Extrapolating from these examples, one of the actionable steps that effective DV campaigns should offer to victims who are considering leaving is shelter and housing options. In order for victims to have self-efficacy, they must believe that resources are available to them should they be able to get out. Sadly, as illustrated in a piece done by National Public Radio, affordable housing and long-term shelter shortages pose an additional challenge to victims’ belief that they are capable of having safe longer-term housing options once they leave (8). Following the tenets of the Social Cognitive Theory, because individuals’ belief in available resources improves their self-efficacy, even those interventions which offer strong emotional support will fail if they do not highlight the strong network of resources available to victims. Thus even in the face of strong emotional support, the barriers to leaving remain high if community resources are not available to victims (9).

Social Learning Theory and the importance of an appropriately focused campaign

The second major reason for the likely failure of DV campaigns is the location of their focus: Many campaigns have focused too far downstream, at the individual level, rather than on domestic violence as a societal problem perpetuated by cultural cycles. Failure to focus an intervention at an appropriate level will not be effective in helping individual victims disengage themselves from the cycle of violence. These campaigns will not be effective because focusing only on individual victims rather than on society will fail to initiate large enough cultural changes so that individuals have the freedom to make changes in their personal lives. This argument is supported by the premises of the Social Learning Theory and by the concept of placing a problem within a Landscape Frame.

Social Learning Theory

Bandura’s Social Learning Theory explains behavior as the continuous interaction of cognitive, behavioral and environmental influences. According to this theory, individuals evaluate their environment and their acceptable norms based on what they have experienced in their lives (10). From this perspective, if individuals have been exposed to violence in their family, they are more inclined to accept victimization as a norm. Thus individuals who accept victimization as a norm will fail to initiate a break in this cycle (11). Additionally, based on Social Learning Theory, those exposed to violence in their families and accept violence as a norm are more likely to become perpetrators of DV as they mature (12). Studies reflect that childhood exposure to interpersonal violence is common among perpetrators of DV, and this exposure has been found to be one of the most significant factors in explaining the variance in adolescent perpetrators of dating violence (13).

Based on the above theoretical framework and research, DV interventions must focus on younger individuals who are still developing their norms. Campaigns that focus on adults who are current victims or perpetrators will fail because these individuals have already developed their social norms and therefore DV campaigns may not be as salient for them. Successful campaigns must intervene on individuals as they develop their norms in order to initiate a break in the cycle of violence.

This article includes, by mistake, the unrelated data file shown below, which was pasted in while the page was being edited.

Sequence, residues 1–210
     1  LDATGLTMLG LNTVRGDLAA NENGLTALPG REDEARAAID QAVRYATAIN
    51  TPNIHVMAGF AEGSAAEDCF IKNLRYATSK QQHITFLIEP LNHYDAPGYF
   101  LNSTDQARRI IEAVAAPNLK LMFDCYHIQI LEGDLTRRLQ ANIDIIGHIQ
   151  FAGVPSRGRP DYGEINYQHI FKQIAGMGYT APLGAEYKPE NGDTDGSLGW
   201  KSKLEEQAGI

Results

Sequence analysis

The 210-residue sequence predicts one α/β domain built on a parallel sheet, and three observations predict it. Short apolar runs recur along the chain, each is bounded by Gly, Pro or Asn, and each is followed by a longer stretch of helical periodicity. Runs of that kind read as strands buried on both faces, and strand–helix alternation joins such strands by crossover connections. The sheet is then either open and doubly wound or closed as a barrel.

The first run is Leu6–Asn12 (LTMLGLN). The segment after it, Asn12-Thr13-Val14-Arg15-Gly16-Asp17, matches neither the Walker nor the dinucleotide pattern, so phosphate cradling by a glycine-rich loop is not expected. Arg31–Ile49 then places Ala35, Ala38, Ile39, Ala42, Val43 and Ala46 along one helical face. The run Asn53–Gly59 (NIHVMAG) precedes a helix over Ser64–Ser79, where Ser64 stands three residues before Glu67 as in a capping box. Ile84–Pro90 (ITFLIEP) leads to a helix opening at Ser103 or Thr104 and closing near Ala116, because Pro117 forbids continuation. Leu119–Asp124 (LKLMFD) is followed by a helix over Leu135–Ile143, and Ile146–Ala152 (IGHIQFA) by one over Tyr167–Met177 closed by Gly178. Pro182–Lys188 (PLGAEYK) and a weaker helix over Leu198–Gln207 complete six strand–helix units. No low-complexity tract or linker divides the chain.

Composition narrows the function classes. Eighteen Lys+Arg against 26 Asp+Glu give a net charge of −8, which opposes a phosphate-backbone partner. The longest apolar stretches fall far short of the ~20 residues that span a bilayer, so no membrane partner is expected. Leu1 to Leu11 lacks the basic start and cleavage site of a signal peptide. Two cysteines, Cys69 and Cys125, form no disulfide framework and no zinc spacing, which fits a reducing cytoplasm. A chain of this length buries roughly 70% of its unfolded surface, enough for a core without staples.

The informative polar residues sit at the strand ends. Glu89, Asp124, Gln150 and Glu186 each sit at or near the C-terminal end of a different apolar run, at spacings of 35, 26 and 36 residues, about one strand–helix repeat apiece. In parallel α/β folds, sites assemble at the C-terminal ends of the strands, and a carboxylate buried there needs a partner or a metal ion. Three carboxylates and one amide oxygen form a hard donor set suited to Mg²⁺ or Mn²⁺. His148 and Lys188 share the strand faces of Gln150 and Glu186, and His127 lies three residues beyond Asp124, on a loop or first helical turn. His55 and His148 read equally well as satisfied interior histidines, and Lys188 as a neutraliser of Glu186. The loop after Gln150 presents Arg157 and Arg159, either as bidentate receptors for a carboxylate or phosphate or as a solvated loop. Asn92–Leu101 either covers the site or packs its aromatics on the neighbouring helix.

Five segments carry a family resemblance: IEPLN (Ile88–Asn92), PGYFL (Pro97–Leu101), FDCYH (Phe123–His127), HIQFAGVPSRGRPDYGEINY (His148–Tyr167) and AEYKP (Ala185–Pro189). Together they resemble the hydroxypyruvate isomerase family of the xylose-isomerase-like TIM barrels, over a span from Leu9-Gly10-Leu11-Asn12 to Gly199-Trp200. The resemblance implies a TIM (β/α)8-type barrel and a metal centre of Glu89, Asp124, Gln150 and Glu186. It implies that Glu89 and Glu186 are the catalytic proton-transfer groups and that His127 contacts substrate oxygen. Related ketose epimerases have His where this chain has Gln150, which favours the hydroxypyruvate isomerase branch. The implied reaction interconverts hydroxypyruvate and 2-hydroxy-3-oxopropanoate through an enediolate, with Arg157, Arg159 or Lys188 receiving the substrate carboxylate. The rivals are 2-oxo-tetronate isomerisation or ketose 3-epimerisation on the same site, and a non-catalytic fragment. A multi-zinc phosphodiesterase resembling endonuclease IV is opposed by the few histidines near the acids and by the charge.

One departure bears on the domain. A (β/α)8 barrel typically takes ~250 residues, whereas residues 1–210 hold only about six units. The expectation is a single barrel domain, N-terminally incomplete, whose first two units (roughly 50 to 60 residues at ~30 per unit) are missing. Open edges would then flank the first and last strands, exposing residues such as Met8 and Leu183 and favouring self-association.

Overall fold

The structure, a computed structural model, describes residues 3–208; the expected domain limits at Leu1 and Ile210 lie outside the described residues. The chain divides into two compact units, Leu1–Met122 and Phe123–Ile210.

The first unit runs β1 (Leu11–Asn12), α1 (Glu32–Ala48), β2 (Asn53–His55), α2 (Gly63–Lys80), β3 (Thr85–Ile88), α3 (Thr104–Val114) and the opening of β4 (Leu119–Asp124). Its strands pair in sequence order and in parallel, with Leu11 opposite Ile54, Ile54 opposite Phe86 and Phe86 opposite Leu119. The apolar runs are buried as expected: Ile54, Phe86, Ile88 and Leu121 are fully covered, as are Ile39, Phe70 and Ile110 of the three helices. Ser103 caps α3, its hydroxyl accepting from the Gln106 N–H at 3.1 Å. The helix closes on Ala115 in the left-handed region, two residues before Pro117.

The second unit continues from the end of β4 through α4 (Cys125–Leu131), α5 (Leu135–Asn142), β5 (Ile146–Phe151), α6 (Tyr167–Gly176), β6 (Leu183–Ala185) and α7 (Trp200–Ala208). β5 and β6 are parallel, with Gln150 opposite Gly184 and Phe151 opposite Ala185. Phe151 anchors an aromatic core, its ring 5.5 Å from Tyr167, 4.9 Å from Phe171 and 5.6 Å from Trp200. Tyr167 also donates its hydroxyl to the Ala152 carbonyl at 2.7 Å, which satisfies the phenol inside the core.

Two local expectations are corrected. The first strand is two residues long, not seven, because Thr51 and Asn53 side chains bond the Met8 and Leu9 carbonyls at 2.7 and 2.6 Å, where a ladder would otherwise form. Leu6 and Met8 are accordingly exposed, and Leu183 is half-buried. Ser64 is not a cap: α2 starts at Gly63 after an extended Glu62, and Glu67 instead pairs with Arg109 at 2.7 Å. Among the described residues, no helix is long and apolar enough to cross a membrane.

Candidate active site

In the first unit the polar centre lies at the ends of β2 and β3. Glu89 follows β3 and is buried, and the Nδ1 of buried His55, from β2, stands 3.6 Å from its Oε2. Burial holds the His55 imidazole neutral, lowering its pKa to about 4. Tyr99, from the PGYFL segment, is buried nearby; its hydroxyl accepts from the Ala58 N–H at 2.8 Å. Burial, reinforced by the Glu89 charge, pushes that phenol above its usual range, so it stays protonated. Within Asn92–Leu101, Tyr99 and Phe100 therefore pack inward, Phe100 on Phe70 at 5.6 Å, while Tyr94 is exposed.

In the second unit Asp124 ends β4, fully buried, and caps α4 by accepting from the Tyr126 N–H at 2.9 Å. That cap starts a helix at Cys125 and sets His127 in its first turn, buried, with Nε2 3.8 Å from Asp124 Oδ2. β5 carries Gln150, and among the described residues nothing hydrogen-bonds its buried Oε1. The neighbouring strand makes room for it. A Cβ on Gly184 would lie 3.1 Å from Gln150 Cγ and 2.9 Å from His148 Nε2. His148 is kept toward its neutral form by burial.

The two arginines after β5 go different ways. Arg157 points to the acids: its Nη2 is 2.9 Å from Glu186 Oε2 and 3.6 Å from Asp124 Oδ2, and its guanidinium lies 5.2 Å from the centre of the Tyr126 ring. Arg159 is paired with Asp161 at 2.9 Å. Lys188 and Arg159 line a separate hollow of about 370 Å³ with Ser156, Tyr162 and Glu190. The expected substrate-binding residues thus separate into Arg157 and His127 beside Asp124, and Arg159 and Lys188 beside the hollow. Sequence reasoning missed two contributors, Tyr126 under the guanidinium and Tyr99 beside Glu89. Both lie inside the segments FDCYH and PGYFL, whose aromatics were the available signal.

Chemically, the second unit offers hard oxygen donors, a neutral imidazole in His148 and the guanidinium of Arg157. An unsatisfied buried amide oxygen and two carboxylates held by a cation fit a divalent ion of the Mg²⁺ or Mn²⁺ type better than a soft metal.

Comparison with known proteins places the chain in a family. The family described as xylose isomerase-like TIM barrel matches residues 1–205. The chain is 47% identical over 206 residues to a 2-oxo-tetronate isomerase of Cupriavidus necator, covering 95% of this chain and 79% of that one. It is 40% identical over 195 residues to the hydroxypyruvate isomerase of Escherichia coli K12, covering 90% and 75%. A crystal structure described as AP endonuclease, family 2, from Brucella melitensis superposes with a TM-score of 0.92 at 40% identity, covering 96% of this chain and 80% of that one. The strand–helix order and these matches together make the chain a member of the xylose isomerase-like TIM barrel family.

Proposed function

“Freedom from Fear”

An example of a campaign that fails intervene on the early development of social norms is the “Freedom from Fear” Campaign, a 1998 Australian media campaign, that used television, radio and printed materials to call upon men to accept responsibility for themselves as perpetrators or potential perpetrators of DV (14). Campaigns such as this one that do not intervene on the cycle of violence at the appropriate time not only perpetuate younger individuals’ development and maintenance of norms that are accepting of violence, but also fail in initiating the larger cultural shift that is necessary to curb interpersonal violence as a society.

DV in a Landscape Frame

Even those campaigns that do use Social Learning Theory and focus their interventions on younger individuals who are still developing their norms will fail if they do not frame DV in what Dorfman calls a “Landscape Frame.” That is, DV campaigns will not be effective if they do not focus on the larger picture of the cycle of violence as a function of economic, historic, or cultural factors (15). For instance, an article entitled “Women, Crime, & Fear” notes that in a historically gender-based society in which women were historically subservient to men, women have come to fear violence at the hands of men. Therefore, interventions focusing on individual prevention strategies may help individual victims but are not adequate in addressing the larger issue of women’s fear of crime and the importance of reversing this societally based expectation (16).

“Coaching Boys into Men”

A campaign that fails to frame DV in this way is the Family Violence Prevention Fund’s “Coaching Boys into Men” campaign. This campaign, which uses a number of television and radio spots, as well as printed and web-based material uses Social Learning Theory by highlighting the importance of supporting boys’ respect for women and intolerance for violence and Social Cognitive Theory to offer specific steps that mentors can employ in helping boys develop perceptions of healthy relationships. However, this campaign fails to place the issue of DV in a larger context that helps the “coaches” understand the cultural roots of violence, so that they can address the way that these aspects figure into the reasons that “being a man” can be misinterpreted.